As of Thursday, out of the $167 million in HOPE funding, only $59.4 million of that has actually been paid out to landlords and utility providers since the program launched in October.
Troubleshooter Diane Wilson has heard from more than a dozen landlords and tenants who have been waiting weeks, some even more than a month to get their promised funds.
“It’s a whole lot of stress”
“I applied the second day the program opened,” said Durham renter Kymberlee Devine.
HOPE (Housing Opportunity to Prevent Evictions) is a statewide rental assistance program funded by the federal government and opened to applicants in October. The program closed to new applicants just weeks after launching after receiving more than 42,000 applications.
Devine got her application in time and was approved for both utility and rental assistance right away.
While the utility assistance was paid, the promised rental assistance was not.
Her rent continued to be unpaid, her landlord growing impatient for the promised funds.
“I am not getting any answers,” she said. “I feel like I’ve been given the runaround. It’s a whole lot of stress.”
Clayton resident Raimey Cooke faced the same frustrations when trying to get answers from her HOPE representative.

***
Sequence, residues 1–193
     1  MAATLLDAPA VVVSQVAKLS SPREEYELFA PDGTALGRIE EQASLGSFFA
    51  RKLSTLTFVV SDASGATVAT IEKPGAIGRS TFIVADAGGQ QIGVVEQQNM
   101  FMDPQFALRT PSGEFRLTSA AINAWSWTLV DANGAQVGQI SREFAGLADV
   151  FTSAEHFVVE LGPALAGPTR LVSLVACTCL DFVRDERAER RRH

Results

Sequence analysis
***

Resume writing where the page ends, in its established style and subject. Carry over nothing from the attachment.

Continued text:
“There is so much miscommunication,” she said.
Despite the Cooke family having their HOPE approval letter for utility assistance, their lights were shut off not once, but twice due to nonpayment.
“It’s been a HOPE nightmare,” Cooke said.
She says she and her landlord faced the same obstacle in getting answers. The promised rental assistance from HOPE was set to arrive after she applied in October and was approved, but by the beginning of February — still no funds.
She says calls to 211, the number HOPE applicants are asked to call, and calls and emails to her caseworkers got her nowhere.
“I just need answers to be able to tell my landlord what’s going on because, at this point, he thinks it’s a scam,” Cooke said.
Not only are Triangle renters frustrated with HOPE, but also landlords want to know, “where’s the money?”
Fayetteville landlord Kim Holland hasn’t received any rent since October from her tenant who was approved for $4,500 from HOPE.
“What about people that this is part of their income to pay bills?” Holland asked.
She says not having any rent since October has been tough and just having an approval letter from HOPE doesn’t pay her bills.
“It’s becoming a hardship for me, you go five months without any pay,” she said.
Holland says she’s called and emailed HOPE and 211 for weeks to find out when she will get the five months of back rent but has gotten no answers.
“If you’re all are going to give this money out, it’s a great program, but you still need to communicate with the people and let them know exactly how you’re going to get their funds,” Holland said.
Where’s the money?
As of Thursday, HOPE administrators say, out of the $167 million they have to give in rent and utility assistance, more than $138 million have been awarded, but only $59.4 million of that has actually been paid out to landlords and utility providers since the program launched in October.